Four ways predictive maintenance changed how maintenance departments work
More predictable maintenance equates to scheduling optimization
Predictive maintenance insights
- Predictive maintenance equates to scheduling optimization, allowing for a more efficient workflow and less downtime.
- Both predictive and preventative maintenance work hand-in-hand because predictive works to learn when to do preventative maintenance.
Maintenance is difficult to get right. Even the best machinery and equipment can be unpredictable, and, as assets become more technologically sophisticated, the complexity of maintenance increases. Being able to predict more precisely when assets may need maintenance can do much for streamlining a maintenance department’s workload. Predictive maintenance (hereafter referred to as PdM) facilitates that effort by using artificial intelligence (AI) to assess operational data in real time. It primarily achieves this with smart sensors in or near assets that continually monitor their current status, thereby enabling the prediction of potential malfunctions or failures. This article will explore four ways that PdM has changed how maintenance departments work – and for the better.
Predictive maintenance = less unplanned downtime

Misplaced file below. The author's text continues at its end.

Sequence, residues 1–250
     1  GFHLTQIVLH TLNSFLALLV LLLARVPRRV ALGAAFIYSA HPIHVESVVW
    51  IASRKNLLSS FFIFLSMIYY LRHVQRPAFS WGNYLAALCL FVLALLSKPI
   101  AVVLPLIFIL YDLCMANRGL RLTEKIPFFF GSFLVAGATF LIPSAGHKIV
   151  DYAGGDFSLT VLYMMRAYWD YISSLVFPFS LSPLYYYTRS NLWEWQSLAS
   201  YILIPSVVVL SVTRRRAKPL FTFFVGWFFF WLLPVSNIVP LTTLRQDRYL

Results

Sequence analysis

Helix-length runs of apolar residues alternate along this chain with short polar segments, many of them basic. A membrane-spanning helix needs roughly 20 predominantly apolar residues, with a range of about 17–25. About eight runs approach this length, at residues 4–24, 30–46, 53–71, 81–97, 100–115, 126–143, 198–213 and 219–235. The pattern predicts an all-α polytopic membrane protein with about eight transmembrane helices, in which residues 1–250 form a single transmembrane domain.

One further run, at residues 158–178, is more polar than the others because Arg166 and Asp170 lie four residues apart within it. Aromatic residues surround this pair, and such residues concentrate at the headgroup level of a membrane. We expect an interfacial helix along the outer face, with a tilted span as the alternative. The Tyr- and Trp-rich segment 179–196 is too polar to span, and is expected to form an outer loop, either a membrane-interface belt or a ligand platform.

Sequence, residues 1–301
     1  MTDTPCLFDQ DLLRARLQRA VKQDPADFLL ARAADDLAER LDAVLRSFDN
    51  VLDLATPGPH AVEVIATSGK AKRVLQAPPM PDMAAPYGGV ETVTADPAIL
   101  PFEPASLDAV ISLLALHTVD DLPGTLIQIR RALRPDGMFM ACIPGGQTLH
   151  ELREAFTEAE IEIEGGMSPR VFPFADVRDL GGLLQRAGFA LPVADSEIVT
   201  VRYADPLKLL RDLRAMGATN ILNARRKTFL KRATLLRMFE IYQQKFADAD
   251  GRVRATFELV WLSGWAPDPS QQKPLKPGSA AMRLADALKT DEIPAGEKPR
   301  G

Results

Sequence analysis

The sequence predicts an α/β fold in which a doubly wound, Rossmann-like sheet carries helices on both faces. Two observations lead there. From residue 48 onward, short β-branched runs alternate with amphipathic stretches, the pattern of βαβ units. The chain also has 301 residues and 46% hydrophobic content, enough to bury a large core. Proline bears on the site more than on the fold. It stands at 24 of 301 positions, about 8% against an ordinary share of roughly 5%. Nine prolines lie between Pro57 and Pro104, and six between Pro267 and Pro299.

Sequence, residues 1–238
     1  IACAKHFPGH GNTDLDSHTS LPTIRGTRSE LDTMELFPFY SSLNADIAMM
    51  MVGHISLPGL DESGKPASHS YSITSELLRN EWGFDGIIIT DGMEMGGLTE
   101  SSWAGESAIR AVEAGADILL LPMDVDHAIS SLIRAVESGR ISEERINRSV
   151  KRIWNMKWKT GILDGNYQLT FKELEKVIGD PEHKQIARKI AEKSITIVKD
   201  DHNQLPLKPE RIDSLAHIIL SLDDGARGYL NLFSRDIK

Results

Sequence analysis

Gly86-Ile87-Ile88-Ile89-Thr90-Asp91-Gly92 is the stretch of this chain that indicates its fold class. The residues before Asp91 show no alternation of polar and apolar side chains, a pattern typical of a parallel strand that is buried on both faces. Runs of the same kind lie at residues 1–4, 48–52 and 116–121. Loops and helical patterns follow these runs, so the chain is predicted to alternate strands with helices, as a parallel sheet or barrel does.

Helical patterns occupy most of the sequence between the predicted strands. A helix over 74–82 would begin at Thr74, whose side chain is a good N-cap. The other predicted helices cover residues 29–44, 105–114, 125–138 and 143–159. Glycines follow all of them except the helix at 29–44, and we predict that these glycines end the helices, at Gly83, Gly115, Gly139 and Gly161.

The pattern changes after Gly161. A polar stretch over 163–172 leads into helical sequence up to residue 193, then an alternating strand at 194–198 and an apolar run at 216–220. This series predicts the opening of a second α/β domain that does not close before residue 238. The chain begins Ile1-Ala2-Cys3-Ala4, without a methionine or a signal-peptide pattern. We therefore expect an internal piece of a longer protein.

Unplanned downtime seriously impacts both production and the financial bottom line in industry/manufacturing, as well as the tech and services industries. Research has shown that 82 percent of companies have experienced unplanned downtime within the past three years, costing companies as much as $260,000 an hour. It gets worse – costs from unplanned downtimes averaged $2 million. It is therefore imperative for any business that unplanned downtimes be minimized. PdM achieves just that.
PdM-related technology itself helps one understand the ability of this maintenance to greatly minimize the risk of unplanned downtimes. For example, sensors focused on vibration analysis and acoustic analysis mean that mechanical assets are far less likely to become faulty due to excessive vibration or grinding/jarring between components. Likewise, thermal sensors can help detect hotspots in technology that may denote overheating and can help thwart future breakdowns due to scorched parts or circuits in machinery. The bottom line is that PdM decreases the risk and occurrence of unplanned downtime.
Predictive maintenance = improved productivity
Maintenance departments all too often work on very tight schedules. One major breakdown can play havoc on maintenance scheduling, meaning that teams run the risk of falling behind on their planned/scheduled maintenance work. The ongoing skills shortage in the maintenance industry has only put maintenance departments under greater time constraints and logistics-related stress. Sound PdM practices will mean less asset malfunctions or breakdowns, and less maintenance surprises will result in improved productivity for maintenance workers.